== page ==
top of page

We are happy to announce that Other Countries: Contemporary Poets Rewiring History is now officially launched.

Many thanks to everyone who came to our London launch at the Star of Kings, here are a few pictures from the night (L to R: poets Rebecca Goss, Tim Wells and Jess Traynor):






The anthology features poems by James Brookes, Matt Bryden, Karen Jane Cannon, David Clarke, Ross Cogan, Alex Dally MacFarlane, Sasha Dugdale, Martín Espada, Rebecca Goss, Hel Gurney, Linn Hansén, Emily Hasler, Sarah Hesketh, Holly Hopkins, Kirsten Irving, Jemma L. King, Rose Lemberg, Robin Lim, Éireann Lorsung, Hannah Lowe, Susan Mackervoy, Harry Man, Dawn Manning, Richie McCaffery, John McCullough, Michael McKimm, Lynn Pedersen, Shelley Puhak, Lesley Quayle, Lou Sarabadzic, Penelope Shuttle, Maria Stepanova, Chloe Stopa-Hunt, Diana Norma Szokolyai, Rebecca Tamás, Jeffrey Thomson, Jessica Traynor, Tim Wells, Elżbieta Wójcik-Leese, and Cecilia Woloch.


Do visit our Tumblr site or follow us on twitter!

See what others have said about it:


What makes this anthology different is that previous attempts at “rewiring history” in poetry have tended to have a class, ethnic or gendered agenda, whereas the histories discussed in the poems here don’t all do that.' Anna Robinson, London Grip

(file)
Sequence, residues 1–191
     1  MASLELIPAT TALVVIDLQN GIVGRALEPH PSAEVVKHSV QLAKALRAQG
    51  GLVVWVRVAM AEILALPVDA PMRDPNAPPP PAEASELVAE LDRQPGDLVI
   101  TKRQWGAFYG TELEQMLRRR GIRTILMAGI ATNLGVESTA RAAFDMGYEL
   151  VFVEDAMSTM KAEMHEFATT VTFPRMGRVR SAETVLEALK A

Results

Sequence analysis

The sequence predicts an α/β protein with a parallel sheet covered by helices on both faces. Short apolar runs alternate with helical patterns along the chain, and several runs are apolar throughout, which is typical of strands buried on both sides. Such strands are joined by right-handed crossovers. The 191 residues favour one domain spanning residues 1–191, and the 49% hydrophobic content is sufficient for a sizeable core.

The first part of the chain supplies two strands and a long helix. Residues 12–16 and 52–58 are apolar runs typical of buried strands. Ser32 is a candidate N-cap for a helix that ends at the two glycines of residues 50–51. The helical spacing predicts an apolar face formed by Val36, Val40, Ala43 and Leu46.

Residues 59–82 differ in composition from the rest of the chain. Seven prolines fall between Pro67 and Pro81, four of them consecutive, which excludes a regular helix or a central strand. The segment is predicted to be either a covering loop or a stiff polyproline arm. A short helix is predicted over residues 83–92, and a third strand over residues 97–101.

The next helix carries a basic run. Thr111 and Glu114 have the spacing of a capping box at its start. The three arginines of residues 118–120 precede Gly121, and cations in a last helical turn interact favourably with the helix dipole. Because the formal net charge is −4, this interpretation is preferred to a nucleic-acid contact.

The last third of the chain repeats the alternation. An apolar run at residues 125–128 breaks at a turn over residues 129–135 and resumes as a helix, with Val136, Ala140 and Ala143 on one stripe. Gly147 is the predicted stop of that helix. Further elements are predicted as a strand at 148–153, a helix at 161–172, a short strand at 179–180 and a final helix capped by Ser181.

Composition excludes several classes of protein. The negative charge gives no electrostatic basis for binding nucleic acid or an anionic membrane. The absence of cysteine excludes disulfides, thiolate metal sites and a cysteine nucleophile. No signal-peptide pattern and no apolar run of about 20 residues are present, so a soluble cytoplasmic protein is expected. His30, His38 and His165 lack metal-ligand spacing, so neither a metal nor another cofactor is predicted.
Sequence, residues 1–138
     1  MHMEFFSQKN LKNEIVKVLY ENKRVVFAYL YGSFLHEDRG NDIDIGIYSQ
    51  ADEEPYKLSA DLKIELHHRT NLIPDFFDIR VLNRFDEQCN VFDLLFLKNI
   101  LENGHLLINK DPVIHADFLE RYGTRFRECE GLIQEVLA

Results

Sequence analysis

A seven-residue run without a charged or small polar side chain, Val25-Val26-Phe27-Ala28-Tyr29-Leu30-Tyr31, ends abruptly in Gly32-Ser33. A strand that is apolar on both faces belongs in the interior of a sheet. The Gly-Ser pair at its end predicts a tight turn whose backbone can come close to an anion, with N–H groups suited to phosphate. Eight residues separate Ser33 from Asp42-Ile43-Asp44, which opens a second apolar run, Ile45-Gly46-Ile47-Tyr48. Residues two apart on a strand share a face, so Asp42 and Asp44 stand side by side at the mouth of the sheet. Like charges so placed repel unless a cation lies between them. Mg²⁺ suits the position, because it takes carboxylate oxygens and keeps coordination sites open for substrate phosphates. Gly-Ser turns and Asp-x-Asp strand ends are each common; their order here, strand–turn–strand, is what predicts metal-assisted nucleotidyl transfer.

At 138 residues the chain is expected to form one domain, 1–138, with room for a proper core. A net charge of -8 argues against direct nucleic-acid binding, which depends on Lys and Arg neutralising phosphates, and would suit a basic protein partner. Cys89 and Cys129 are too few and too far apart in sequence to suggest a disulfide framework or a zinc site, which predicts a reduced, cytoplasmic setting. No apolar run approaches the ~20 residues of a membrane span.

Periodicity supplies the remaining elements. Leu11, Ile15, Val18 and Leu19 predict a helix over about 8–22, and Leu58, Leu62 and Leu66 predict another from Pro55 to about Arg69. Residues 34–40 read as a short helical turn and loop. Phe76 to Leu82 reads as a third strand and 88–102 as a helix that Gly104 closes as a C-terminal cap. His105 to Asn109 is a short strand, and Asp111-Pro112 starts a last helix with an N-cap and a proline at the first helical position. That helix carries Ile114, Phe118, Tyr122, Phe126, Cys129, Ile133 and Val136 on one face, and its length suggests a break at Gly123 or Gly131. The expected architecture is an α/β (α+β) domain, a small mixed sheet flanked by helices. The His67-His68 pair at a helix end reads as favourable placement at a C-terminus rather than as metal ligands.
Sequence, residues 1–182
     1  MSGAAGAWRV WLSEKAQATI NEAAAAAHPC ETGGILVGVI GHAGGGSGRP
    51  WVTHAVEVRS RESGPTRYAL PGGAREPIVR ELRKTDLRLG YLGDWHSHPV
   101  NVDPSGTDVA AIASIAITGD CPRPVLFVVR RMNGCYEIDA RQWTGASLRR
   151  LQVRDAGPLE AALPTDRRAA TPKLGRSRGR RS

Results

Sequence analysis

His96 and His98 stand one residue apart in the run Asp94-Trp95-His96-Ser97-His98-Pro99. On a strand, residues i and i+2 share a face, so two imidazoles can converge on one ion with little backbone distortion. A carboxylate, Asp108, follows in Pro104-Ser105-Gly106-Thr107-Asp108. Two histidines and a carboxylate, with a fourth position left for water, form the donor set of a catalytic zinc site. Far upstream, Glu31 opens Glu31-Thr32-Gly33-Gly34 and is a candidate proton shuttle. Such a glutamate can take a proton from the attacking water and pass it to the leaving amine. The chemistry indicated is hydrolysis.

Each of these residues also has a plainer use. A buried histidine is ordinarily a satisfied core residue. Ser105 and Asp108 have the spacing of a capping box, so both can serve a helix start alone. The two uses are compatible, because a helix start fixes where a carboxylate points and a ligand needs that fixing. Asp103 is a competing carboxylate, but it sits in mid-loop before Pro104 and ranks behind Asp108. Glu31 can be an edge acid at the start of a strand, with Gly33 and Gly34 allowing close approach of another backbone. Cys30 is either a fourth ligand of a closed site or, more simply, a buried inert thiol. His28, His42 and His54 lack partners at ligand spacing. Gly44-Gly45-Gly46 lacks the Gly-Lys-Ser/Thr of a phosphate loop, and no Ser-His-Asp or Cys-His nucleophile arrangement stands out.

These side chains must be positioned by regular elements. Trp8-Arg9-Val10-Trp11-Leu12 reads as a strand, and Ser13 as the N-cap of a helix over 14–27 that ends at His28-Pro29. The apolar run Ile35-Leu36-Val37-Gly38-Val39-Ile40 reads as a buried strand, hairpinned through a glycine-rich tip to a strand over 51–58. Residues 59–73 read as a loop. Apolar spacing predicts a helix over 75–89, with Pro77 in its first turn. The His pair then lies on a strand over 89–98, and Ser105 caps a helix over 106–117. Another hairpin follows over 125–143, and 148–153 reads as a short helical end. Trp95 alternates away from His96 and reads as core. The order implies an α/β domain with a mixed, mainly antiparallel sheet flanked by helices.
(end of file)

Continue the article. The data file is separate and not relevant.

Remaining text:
'There are many fine poets represented in this book: Hannah Lowe, Rebecca Goss, Holly Hopkins and Sarah Hesketh, among others. [...] Tim Wells’ witty ‘A Jar for Pickles’ is titled with an epic pun. In ‘The Crescent of Hearing’, James Brookes carries the ghost of Hill into this book also, and performs a genuine time-travel trick worthy of Steve Ely. Emily Hasler’s poem, ‘Notes: A Monumental Brass’, doesn’t proselytise: it asks. Formed entirely of footnotes, relating to the position (and relationships) of women, it necessarily skirts round an unseen text. We can (it posits) see a bit; we can ask; but we can’t know. We weren’t there. This poem enacts that not-knowing which is all we really have. Even as footnotes in a poem, its people feel authentic and their lives lived', Katy Evans-Bush, Magma


'For even the blitz to have become a liberating space for those for whom ‘The horrors of peace are many’ serves to illustrate just how effective Trévien and Prior have been in their quest to rewire history and, if you haven’t encountered it yet, give their poets the chance to challenge a few of your assumptions about the world. You’ll be the richer for it.' - John Field


'breathtakingly beautiful' - Bethany W. Pope, Bare Fiction


'full of strange footnotes and bizarre happenings' Greg Freeman, Write Out Loud


'There are poems about borders, colonisation, immigration,  little known about  massacres,  a Facebook like timeline of Earth, a tale of a 17th century trans woman, and a plucky  poem about Pickles the dog that found the world cup after it had been stolen placed perfectly in the book giving me something to smile about.' - Andie Berryman

PayPal ButtonPayPal Button

Other Countries: Contemporary Poets Rewiring History can now be purchased directly from this website, or through Inpress.  

30% off! Now £6.99 inc. P&P

  • Tumblr Clean Grey
  • Facebook Clean Grey
  • Twitter Clean Grey
bottom of page